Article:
What makes great pilots stand out are their professional approach to the health of their crew, their passengers, and themselves. For all pilots, good health is more than a lifestyle choice, it’s mandated by federal regulations, specifically addressed in government-issued advisory circulars and various training curricula. In short, pilots must conduct a thorough self-evaluation, ensuring they’re in top physical condition before every flight. But how exactly do they minimize the impact of their own possible illnesses on their crew, their passengers, and themselves—especially during flu season? Spoiler alert: They’re always prepared.
One reason why commercial and private jet pilots, as a breed, are very proud professionals is because they must be proficient in several difficult subjects. Pilots are routinely tested and re-tested on their ability to apply their broad range of knowledge to real-world scenarios. They may not continue to exercise the privileges of their airman certificates (licenses) unless they demonstrate that their proficiency meets rigorous standards.
Knowledge of aerospace medicine allows pilots to minimize the impact of the cold and flu on themselves and others. This subject helps pilots prepare for the demands of high-performance jet operations. They master topics like high-altitude physiology, effects of fatigue, mental and physiological evaluation and assessment, and more to stay prepared for adverse emergency conditions. Here are five flu season tips from a professional pilot to stay healthy during your next trip.
1. Eat Well
Adopt a non-inflammatory diet. Commercial and private jet pilots learn early in their careers about the importance of nutrition. Junk food high in fat and sugar makes them mentally soft and their performance suffers. Pilots should concentrate on eating greens and limited while satisfying sweet cravings with fresh fruit and vegetables. Proper nourishment maintains a state of low or no inflammation in the body, better preparing it to defend against known and unknown viruses. Professional pilots must on commercial flights or private jet charters pass rigorous physicals at least every six months. As a result of the frequent check-ins, they tend to do better than most in sticking with healthy diets.
2. Drink mindfully
Drink water, slow and steady. Period. Limit caffeine to only when necessary. Top-of-their-game pilots aboard commercial and private jet aircraft occasionally rely on doses of coffee or tea. In order to defend itself from invading pathogens and viruses, a body must be hydrated, not inflamed. The same advice your doctor gives you when you’re sick–take in plenty of clear fluids–is what professional pilots do every day to cope with the impact of high-altitude physiology and the likely encounters with sick people they face every day.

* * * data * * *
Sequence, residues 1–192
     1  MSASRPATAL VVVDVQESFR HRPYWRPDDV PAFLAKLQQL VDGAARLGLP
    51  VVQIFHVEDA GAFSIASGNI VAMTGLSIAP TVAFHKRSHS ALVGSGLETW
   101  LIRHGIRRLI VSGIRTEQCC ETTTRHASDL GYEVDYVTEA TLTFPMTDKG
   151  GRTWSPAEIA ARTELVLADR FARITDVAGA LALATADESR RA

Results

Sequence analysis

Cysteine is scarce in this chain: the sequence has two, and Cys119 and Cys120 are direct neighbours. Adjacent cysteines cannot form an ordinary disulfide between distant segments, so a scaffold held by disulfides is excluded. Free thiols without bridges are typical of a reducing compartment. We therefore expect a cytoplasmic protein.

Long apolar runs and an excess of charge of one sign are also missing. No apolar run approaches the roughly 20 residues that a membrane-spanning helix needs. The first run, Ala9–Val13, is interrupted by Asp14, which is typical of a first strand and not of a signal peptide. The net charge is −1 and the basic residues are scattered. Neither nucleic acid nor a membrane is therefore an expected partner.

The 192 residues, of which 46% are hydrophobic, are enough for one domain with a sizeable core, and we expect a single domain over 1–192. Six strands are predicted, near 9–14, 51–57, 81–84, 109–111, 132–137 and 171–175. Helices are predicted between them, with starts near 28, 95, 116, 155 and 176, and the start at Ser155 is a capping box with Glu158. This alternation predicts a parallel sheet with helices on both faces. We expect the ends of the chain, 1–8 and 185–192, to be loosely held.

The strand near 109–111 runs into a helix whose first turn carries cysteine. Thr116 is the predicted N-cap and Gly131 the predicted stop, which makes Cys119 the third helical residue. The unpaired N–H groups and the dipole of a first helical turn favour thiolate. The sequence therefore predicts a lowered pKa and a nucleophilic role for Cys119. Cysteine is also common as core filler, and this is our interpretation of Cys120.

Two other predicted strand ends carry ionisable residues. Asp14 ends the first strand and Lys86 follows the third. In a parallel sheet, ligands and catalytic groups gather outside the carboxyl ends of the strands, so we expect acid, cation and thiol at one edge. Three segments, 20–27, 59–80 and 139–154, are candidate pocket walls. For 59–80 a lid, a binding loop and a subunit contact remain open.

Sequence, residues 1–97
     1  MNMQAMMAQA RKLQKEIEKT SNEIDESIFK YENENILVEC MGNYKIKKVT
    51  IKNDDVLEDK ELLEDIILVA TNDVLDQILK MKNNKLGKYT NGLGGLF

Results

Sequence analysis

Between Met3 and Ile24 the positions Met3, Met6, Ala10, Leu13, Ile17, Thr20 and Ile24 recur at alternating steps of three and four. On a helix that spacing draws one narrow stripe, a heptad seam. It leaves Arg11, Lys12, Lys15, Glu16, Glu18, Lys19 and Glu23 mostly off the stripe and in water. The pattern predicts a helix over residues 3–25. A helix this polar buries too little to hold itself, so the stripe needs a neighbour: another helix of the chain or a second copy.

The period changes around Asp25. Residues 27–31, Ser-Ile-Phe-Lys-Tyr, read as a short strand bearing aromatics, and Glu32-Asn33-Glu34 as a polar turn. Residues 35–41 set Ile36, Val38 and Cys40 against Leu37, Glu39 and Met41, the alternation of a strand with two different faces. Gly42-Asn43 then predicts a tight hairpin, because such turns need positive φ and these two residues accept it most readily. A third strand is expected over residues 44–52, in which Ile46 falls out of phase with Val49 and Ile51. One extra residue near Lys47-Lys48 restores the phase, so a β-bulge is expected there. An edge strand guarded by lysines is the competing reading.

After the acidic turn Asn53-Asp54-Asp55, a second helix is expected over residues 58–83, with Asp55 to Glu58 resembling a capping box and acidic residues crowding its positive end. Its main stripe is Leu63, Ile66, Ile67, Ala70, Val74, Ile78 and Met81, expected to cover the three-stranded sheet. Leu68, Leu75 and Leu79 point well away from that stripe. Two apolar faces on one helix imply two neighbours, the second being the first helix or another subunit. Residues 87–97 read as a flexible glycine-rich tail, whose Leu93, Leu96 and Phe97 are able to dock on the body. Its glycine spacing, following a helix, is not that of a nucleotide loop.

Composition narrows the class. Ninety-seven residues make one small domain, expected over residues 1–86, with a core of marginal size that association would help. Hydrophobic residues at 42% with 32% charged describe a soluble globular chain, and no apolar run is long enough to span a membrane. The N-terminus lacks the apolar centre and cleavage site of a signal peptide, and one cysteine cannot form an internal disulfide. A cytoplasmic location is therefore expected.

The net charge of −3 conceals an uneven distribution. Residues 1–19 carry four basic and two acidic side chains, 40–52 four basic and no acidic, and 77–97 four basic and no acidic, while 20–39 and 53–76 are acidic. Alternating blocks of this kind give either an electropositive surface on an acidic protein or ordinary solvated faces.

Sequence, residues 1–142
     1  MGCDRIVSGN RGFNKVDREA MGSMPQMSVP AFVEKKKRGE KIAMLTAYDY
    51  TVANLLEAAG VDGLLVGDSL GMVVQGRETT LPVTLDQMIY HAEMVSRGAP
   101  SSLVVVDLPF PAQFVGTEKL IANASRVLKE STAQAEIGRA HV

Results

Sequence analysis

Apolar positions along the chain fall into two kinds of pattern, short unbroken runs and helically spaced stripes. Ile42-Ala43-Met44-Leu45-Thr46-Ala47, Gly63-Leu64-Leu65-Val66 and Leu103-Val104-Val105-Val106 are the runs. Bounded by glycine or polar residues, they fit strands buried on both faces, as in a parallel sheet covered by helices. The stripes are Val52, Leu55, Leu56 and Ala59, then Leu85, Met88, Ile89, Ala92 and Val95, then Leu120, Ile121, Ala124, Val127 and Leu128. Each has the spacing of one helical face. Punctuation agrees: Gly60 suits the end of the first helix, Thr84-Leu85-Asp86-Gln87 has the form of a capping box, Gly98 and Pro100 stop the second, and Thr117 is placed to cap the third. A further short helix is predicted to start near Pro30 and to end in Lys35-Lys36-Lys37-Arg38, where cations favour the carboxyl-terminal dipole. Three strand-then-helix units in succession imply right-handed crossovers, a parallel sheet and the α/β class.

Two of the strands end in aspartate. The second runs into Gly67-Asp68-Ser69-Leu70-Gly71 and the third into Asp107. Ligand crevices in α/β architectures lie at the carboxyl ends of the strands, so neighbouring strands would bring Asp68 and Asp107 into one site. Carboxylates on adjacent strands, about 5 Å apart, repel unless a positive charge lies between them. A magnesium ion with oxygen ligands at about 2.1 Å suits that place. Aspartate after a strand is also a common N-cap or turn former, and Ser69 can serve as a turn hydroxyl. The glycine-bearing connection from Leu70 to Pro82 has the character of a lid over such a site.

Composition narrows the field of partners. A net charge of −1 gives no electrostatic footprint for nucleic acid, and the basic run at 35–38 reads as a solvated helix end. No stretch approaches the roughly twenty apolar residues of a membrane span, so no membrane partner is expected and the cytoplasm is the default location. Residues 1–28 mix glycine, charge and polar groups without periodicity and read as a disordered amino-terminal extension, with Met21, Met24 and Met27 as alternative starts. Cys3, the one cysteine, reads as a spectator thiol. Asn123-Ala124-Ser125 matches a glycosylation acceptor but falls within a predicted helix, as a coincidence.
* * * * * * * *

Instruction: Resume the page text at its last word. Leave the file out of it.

3. Move your body every day
Every healthy and resilient pilot who flies commercial or private jet charters exercises at least once a day. We are not implying that every pilot is ready for an Iron Man competition, but they do try to get their steps in, and most do something to elevate their heart rate for 20 minutes or more daily. This ensures not only a favorable result when their mandated EKG results are sent to the FAA each year, but it also positions their immune systems to react better to foreign invaders. A healthy cardiovascular system speeds antibodies and white blood cells to where they are needed faster and more efficiently. They also help the body produce more defensive mechanisms when needed.
4. Sleep well and plan rest periods
Whether it’s flu season or not, good sleeping habits are the most important factor when keeping professional pilots healthy. Many pilots experience disruptions to their circadian rhythms. Healthy pilots ensure they get at least eight hours of sleep. They try to avoid unnecessary use of caffeine, alcohol, and activities that disrupt their sleep. They are the people in your life that use room-darkening curtains and turn away from their screens at least one hour before bed time. The very first thing your doctor tells you to do when you get sick is to go home and rest (like a pilot does every day). Pilots who fly commercially or on private jets treat sleeping time as precious. They may get cranky when anything prevents proper rest–a justified attitude for someone held accountable for others’ safety and welfare.
5. See the doctor and keep up on required immunizations
The theory here is that if you modify your lifestyle to behave like a top-notch professional aviator who almost never gets sick, then you too will be ready to survive your next encounter with the flu like a pro. Before making any changes to your diet or lifestyle, you must first see your doctor. Professional pilots see medical professionals at least six times a year. This includes annual physicals and eye exams, plus visits at least twice a year with dentists and a local FAA designated medical examiner. Partner with your doctor to develop the right plan for you, as well as to stay up to date on all required immunizations.
Get on board with these flu season tips to take control of your health like a true pro.